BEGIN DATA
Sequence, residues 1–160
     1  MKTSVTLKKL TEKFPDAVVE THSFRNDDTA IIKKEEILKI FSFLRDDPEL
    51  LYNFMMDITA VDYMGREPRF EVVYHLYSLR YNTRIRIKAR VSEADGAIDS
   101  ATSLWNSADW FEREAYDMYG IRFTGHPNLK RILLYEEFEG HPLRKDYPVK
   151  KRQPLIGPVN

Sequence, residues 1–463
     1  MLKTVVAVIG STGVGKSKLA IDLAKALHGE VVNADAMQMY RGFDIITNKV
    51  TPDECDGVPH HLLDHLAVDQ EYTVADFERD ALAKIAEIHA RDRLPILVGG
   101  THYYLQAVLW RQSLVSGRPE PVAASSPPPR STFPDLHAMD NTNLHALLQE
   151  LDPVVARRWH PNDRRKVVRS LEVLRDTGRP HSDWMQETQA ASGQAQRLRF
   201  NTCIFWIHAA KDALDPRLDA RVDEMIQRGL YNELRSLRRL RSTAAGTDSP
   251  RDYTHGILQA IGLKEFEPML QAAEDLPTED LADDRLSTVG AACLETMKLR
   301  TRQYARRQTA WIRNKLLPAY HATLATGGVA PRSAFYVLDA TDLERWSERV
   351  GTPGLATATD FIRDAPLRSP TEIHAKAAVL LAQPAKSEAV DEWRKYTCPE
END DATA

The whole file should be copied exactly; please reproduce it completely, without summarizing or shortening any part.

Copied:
Sequence, residues 1–160
     1  MKTSVTLKKL TEKFPDAVVE THSFRNDDTA IIKKEEILKI FSFLRDDPEL
    51  LYNFMMDITA VDYMGREPRF EVVYHLYSLR YNTRIRIKAR VSEADGAIDS
   101  ATSLWNSADW FEREAYDMYG IRFTGHPNLK RILLYEEFEG HPLRKDYPVK
   151  KRQPLIGPVN

Sequence, residues 1–463
     1  MLKTVVAVIG STGVGKSKLA IDLAKALHGE VVNADAMQMY RGFDIITNKV
    51  TPDECDGVPH HLLDHLAVDQ EYTVADFERD ALAKIAEIHA RDRLPILVGG
   101  THYYLQAVLW RQSLVSGRPE PVAASSPPPR STFPDLHAMD NTNLHALLQE
   151  LDPVVARRWH PNDRRKVVRS LEVLRDTGRP HSDWMQETQA ASGQAQRLRF
   201  NTCIFWIHAA KDALDPRLDA RVDEMIQRGL YNELRSLRRL RSTAAGTDSP
   251  RDYTHGILQA IGLKEFEPML QAAEDLPTED LADDRLSTVG AACLETMKLR
   301  TRQYARRQTA WIRNKLLPAY HATLATGGVA PRSAFYVLDA TDLERWSERV
   351  GTPGLATATD FIRDAPLRSP TEIHAKAAVL LAQPAKSEAV DEWRKYTCPE